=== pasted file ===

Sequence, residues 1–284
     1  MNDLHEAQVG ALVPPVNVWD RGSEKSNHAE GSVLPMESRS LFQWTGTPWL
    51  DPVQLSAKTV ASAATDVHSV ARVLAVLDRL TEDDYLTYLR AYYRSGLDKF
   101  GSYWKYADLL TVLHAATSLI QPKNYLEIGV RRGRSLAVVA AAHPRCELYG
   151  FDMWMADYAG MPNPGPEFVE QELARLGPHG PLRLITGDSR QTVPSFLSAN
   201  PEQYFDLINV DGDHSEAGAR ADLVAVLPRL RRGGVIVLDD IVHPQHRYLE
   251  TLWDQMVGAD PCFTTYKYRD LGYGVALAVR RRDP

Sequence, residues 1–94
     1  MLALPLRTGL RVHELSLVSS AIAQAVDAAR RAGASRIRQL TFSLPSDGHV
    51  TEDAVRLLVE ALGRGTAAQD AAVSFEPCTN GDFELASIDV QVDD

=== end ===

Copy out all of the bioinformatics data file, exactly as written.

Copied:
Sequence, residues 1–284
     1  MNDLHEAQVG ALVPPVNVWD RGSEKSNHAE GSVLPMESRS LFQWTGTPWL
    51  DPVQLSAKTV ASAATDVHSV ARVLAVLDRL TEDDYLTYLR AYYRSGLDKF
   101  GSYWKYADLL TVLHAATSLI QPKNYLEIGV RRGRSLAVVA AAHPRCELYG
   151  FDMWMADYAG MPNPGPEFVE QELARLGPHG PLRLITGDSR QTVPSFLSAN
   201  PEQYFDLINV DGDHSEAGAR ADLVAVLPRL RRGGVIVLDD IVHPQHRYLE
   251  TLWDQMVGAD PCFTTYKYRD LGYGVALAVR RRDP

Sequence, residues 1–94
     1  MLALPLRTGL RVHELSLVSS AIAQAVDAAR RAGASRIRQL TFSLPSDGHV
    51  TEDAVRLLVE ALGRGTAAQD AAVSFEPCTN GDFELASIDV QVDD